ITHACA, N.Y. – An Ithaca man, in custody for a 2015 shooting, is scheduled to be re-sentenced in Tompkins County Court after an appellate court found that the evidence in his 2016 trial was insufficient to support his assault conviction.
James Marshall faced multiple charges after police say he shot a person in the leg at a woman’s West Village apartment on June 25, 2015. After a trial in March 2016, on charges of first-degree assault, third-degree criminal possession of a weapon, and two counts of second-degree criminal possession of a weapon, Marshall was convicted on all charges.
During the trial, the victim, Earl Brooks, testified that he showed up to his ex-girlfriend’s apartment on the morning of the incident and she refused to let him inside. When he asked if there was another person inside, the woman denied that anyone else was there. She later testified that Marshall was inside, which she denied in hopes to avoid a fight between the two men.
Court records say Brooks waited outside the apartment for nearly two hours, and despite the woman’s efforts to avoid a confrontation, Brooks hit Marshall as soon as he saw him leave the apartment. During the fight that followed, Brooks realized he had been shot in the leg, and both he and the woman later testified that they saw Marshall holding a gun.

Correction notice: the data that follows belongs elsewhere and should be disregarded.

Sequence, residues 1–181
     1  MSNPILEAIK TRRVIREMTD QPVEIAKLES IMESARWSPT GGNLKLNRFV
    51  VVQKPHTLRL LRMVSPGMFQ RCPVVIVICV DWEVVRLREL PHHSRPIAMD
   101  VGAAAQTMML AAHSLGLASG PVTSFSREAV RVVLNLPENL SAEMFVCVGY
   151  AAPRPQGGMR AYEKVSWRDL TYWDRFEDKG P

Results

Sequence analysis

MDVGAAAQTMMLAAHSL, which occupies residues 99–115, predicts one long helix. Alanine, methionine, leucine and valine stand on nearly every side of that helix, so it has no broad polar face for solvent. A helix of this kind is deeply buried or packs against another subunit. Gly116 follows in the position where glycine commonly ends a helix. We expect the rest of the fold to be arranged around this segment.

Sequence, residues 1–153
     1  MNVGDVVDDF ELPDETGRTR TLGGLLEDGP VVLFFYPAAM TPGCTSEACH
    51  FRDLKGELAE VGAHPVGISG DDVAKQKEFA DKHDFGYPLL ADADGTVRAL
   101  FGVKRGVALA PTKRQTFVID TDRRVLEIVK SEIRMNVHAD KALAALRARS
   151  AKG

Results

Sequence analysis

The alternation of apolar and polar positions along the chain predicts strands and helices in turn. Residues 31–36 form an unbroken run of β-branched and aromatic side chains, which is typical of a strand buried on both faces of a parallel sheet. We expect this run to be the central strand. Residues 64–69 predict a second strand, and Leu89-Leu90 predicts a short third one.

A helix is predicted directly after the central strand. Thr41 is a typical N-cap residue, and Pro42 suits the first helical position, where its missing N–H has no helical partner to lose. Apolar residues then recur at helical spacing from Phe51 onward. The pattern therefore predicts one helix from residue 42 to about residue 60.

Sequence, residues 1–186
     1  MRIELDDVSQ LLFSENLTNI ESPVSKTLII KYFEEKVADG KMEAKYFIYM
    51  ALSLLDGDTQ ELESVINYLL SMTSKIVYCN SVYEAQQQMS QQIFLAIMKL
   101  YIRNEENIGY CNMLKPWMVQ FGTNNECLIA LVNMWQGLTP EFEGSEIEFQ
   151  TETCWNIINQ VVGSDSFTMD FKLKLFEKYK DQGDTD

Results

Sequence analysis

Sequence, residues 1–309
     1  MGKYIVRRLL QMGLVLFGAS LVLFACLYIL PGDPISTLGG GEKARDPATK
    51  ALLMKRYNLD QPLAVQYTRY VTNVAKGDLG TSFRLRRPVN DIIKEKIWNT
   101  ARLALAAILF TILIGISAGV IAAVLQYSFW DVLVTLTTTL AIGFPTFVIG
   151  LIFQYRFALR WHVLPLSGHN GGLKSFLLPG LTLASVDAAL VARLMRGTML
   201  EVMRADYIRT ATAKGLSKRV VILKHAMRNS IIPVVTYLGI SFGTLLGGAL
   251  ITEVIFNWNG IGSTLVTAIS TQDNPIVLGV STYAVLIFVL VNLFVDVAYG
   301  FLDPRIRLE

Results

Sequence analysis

Ithaca City Court Judge Scott Miller sentenced Marshall to 10 years, the minimum sentence for the assault charge, with an additional 13 years each for the two second-degree criminal possession of a weapons charges, and two to four years for third-degree criminal possession of a weapon. The sentences were scheduled to run concurrently.
Records from Thursday’s appeal hearing say that in order to be charged with first-degree assault, the victim would have had to sustain a “serious physical injury,” causing the risk of death, or disfigurement or impairment to any body part.
Following the shooting, Brooks underwent two surgeries to repair a shattered tibia where pins were required to hold the bones in place. Four months later, the pins were removed and Brooks was required to wear a cast for nearly two months. While Brooks did deal with significant injuries, the Marshall’s attorney argued that it did not qualify for first-degree assault.
“Although the victim’s injuries are by no means trivial, they fall short of constituting injuries that create a substantial risk of death,” the document stated. “There was no evidence that the victim lost consciousness after being shot or that a vital organ was damaged. Nor was there any proof, lay or medical, indicating that the victim’s injuries caused a substantial risk of death or were life-threatening.”
While Marshall will still serve the 13-year sentence for the criminal possession of a weapon charges, Marshall’s first-degree assault charge has been reduced to first-degree attempted assault, which he will be re-sentenced for in Tompkins County Court.